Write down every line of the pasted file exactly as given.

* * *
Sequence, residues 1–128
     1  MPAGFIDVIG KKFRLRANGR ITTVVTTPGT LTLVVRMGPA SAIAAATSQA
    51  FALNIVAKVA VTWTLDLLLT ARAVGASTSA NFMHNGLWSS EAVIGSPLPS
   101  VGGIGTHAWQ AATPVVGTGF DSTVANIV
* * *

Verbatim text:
Sequence, residues 1–128
     1  MPAGFIDVIG KKFRLRANGR ITTVVTTPGT LTLVVRMGPA SAIAAATSQA
    51  FALNIVAKVA VTWTLDLLLT ARAVGASTSA NFMHNGLWSS EAVIGSPLPS
   101  VGGIGTHAWQ AATPVVGTGF DSTVANIV